By Dr. Surveen Ghumman Sindhu:
In the last few decades there has been a change in lifestyle and socioeconomic conditions globally. This has led to rise in obesity. Obesity has now become a major epidemic. Rising incidence of obesity is seen both in developed and developing countries. In England it is seen that 56% of women are either overweight or obese. More than 30% of women in United States are found to be obese. Prevalence of obesity is rising even in developing countries. Over the last 20 years, the obesity rates have tripled in the developing world and now it is seen that 10% of all children across the world are overweight or obese The World Health Organization has defined obesity as body mass index (BMI) more than or equal to 30 kg/m2
Increased body mass index (BMI) has effect on various aspects of infertility treatment and assisted reproductive technology (ART) procedures. The extent of this influence is however conflicting in literature. 0.1 unit increase in waist-hip ratio (WHR) leads to a 30% decrease in the probability of conception per cycle. Obesity is found to decrease successful pregnancy rates in both natural and assisted conception cycles. Ovulation and conception requires a fine complex balance of hormones released by reproductive organs. Obesity interferes with this in many ways. Overweight and obese women require a higher dose of gonadotropin, with greater number of days of stimulation and yet have lower peak estradiol levels with an increased risk of cycle cancellation due to poor follicular development. On controlled ovarian stimulation there are less number and poor quality of oocytes reported in these women They have lower fertilization and pregnancy rates. The effect of obesity upon implantation rate has also been inconsistently reported. Some studies have identified a reduction in implantation rates among the obese women. There are higher obstetric complications with a lower live birth rate in these women.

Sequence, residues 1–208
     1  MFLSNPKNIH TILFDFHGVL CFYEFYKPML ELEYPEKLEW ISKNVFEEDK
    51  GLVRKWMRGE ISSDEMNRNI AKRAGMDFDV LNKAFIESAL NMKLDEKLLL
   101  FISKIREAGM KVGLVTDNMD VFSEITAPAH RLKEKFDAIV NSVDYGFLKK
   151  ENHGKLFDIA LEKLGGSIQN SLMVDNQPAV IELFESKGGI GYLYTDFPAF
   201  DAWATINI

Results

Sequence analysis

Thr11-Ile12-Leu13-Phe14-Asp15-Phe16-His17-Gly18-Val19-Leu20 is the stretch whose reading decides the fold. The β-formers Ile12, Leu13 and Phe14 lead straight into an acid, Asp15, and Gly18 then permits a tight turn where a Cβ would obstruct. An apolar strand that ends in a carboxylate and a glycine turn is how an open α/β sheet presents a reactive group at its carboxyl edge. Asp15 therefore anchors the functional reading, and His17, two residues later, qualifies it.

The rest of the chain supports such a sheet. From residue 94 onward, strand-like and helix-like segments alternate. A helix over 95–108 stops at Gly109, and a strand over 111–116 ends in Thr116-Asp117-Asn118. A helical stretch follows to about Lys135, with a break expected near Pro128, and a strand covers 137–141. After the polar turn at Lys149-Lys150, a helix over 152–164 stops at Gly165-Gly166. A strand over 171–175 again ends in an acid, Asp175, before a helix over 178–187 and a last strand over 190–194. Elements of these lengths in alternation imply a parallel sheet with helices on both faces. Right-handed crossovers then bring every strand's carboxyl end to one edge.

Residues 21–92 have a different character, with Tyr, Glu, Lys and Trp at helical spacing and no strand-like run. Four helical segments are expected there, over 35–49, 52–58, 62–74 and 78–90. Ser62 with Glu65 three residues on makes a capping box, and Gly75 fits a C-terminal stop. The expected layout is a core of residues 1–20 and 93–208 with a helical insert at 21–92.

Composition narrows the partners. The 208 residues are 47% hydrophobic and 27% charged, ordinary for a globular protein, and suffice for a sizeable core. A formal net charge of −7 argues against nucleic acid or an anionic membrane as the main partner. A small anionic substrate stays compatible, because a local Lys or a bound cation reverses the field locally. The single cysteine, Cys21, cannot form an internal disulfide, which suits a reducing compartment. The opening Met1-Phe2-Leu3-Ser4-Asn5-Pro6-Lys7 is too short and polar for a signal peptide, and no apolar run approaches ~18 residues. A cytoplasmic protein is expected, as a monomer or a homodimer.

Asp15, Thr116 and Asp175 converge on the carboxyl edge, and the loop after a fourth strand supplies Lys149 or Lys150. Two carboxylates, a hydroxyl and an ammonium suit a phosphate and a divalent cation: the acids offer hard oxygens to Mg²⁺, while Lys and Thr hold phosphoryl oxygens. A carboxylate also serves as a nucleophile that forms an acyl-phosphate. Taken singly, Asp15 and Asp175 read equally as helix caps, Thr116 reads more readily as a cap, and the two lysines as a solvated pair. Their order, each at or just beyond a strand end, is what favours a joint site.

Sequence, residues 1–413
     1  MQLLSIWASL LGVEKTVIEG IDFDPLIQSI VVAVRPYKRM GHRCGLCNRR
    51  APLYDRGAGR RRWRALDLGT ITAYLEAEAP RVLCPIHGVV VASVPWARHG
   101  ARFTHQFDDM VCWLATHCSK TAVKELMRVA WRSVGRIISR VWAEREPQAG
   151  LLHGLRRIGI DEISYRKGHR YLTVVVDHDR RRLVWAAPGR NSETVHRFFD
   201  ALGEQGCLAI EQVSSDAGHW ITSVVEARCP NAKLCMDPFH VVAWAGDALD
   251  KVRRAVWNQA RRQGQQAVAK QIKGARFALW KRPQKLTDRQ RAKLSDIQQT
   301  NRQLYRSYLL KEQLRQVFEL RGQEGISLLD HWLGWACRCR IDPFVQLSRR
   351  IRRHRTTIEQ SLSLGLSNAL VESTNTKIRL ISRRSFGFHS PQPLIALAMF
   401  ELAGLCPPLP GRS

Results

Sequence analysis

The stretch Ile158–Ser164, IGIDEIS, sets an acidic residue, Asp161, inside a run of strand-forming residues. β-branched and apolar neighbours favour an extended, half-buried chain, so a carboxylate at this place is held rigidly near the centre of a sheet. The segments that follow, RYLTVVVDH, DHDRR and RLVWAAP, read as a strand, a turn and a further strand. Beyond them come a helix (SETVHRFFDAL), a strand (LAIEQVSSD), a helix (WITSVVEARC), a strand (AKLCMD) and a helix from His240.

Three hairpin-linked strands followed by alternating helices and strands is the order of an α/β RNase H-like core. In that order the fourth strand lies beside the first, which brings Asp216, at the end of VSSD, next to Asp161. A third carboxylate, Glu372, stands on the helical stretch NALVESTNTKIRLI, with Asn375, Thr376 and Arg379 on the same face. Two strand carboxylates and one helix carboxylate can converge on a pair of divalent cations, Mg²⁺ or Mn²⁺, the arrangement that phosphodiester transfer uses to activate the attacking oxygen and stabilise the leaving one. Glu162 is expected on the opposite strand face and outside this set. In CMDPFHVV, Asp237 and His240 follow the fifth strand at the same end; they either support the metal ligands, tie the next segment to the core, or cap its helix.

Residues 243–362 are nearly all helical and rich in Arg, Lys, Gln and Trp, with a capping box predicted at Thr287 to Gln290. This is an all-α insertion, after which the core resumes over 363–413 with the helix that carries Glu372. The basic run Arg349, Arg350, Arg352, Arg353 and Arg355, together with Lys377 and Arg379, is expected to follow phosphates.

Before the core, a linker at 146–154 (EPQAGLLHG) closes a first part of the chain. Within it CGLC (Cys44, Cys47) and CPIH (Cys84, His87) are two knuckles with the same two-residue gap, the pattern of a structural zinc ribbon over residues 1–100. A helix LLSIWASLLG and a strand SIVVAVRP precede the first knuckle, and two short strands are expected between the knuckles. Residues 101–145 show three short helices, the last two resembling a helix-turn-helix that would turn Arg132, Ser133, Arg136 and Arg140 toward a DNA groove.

Weight loss results in regularization of the menstrual pattern, a decrease in cancellation rates, an increase in the number of embryos available for transfer, a reduction in the number of IVF cycles required to achieve pregnancy and a decrease in miscarriage rates. Obese women who lose weight tend to have spontaneous ovulation and improved response to ovarian stimulation in infertility treatment. As little as 5%–10% weight loss can improve fertility outcomes and lead to an improvement in endocrine parameters.
It is therefore advocated that for overweight and obese infertile women after initial assessment for infertility, weight management interventions like lifestyle change, diet, exercise or drug to decrease weight, should be recommended first before embarking to any treatment modality. Obesity is a modifiable risk factor. It has an effect on fertility, its treatment and obstetrics outcome. Women with increased BMI should be first encouraged to reduce weight before starting any treatment for infertility or planning conception.